I can’t do a backflip. There are individuals more athletic than me, however, who can nail that thing without even trying. Now, there’s a humanoid that can hit the landing on a backward somersault, too, as Boston Dynamics demonstrates in the latest video for their Atlas robot.
Yes, this is the same robot that the company has been showing walking in different videos over the years. Chances are, you’ve seen some of them, especially ones where the robot is tethered while passing through some basic obstacles or performing some basic tasks like retrieving boxes. This time around, the darn thing looks mighty improved.
In the Boston Dynamics video, Atlas is shown doing box jumps like you’ll see people doing in the gym, showing off its ability to get up in the air and land upright on two feet. To add some extra difficulty, it performs a 180-degree turn during one of those jumps, sticking the landing onto the raised platform just as cleanly as before. The highlight of the video, of course, is the backflip from one of the boxes, essentially turning it into a rudimentary gymnast (or robot cheerleader) of sorts. Now, the robot won’t hit the landing on a backflip every single time (the video shows it failing one time), but the fact that it can is a genuinely important achievement.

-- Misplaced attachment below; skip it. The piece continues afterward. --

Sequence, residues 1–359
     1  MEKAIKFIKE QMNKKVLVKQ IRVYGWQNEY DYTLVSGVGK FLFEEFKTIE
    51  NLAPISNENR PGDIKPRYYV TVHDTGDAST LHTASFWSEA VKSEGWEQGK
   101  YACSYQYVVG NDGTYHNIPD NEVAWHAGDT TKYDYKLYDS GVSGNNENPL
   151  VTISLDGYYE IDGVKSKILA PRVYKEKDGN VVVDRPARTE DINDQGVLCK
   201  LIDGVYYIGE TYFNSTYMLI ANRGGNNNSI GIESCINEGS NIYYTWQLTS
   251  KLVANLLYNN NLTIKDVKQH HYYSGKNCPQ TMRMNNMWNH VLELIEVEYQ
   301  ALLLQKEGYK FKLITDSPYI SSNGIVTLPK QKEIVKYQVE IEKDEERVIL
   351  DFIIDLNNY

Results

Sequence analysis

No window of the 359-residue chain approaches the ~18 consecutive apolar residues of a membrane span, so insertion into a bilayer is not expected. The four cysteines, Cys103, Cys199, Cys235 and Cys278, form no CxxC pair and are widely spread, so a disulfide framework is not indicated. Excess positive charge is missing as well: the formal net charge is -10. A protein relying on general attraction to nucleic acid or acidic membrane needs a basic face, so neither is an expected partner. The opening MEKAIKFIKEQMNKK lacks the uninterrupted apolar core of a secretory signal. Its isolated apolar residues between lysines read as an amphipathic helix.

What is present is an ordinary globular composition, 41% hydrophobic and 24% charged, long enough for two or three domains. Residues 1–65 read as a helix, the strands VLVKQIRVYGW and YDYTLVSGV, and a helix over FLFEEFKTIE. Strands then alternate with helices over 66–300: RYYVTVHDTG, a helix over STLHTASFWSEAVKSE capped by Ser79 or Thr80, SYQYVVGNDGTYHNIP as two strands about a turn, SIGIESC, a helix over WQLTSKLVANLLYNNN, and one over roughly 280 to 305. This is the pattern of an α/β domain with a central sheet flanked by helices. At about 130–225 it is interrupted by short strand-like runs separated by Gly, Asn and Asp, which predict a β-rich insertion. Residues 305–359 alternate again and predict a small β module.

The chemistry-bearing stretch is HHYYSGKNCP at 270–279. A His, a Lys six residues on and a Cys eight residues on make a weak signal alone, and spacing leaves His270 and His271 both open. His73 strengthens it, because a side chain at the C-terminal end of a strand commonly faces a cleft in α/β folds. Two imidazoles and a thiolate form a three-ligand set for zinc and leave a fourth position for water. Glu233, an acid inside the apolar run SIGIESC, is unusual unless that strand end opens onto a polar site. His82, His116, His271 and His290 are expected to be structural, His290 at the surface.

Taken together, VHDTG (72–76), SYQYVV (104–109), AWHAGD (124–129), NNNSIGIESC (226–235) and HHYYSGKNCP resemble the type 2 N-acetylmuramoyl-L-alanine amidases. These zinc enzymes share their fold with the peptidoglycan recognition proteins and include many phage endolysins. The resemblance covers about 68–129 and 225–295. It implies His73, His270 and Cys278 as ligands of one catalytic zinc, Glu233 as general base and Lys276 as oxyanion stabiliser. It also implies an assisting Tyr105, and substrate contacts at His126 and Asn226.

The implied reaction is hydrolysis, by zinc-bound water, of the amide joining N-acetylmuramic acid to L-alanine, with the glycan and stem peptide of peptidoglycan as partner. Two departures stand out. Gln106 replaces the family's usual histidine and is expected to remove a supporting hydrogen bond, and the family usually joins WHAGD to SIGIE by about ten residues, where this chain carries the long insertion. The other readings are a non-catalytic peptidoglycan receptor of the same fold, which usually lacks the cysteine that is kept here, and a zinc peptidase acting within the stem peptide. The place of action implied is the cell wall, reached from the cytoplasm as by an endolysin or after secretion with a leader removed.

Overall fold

Now, you may be asking, why is it important? The significance of this development boils down to one simple reason: bipedal robots such as Atlas aren’t supposed to be able to balance this well. Humanoids have never been the most popular robot design for the simple fact that it’s extremely hard to make them move effectively, since they have to balance all the weight they’re carrying on just two legs. As such, four-legged, as well as wheeled, robots have always been the more efficient design choice, especially if it’s an automaton you’re hoping to bring to market sooner rather than later.
With Atlas, Boston Dynamics weren’t just able to make a bipedal robot that moves effectively, it can also balance so well that the darn thing can hit the landing on a backwards somersault. It’s downright nuts. Oh yeah, the robot looks to be completely untethered now, too, which likely brings it even closer to real-world applications. In case you’re curious about those potential applications, according to DARPA, the main advantage of humanoids is that it can navigate our world the same way humans do, since the world is designed largely for us rather than four-legged and wheeled creatures. As such, it can make for an ideal replacement for actual warm bodies in emergency situations where sending in rescue teams could put further lives at risk.
The current incarnation of the Boston Dynamics Atlas stands 4.9 feet tall and weighs 165 pounds, so it’s just a tad shorter and weighs around the same as an average human. That’s a big improvement over the version from 2013, which weighed a whopping 330 pounds. Check out the video to see the robot in action.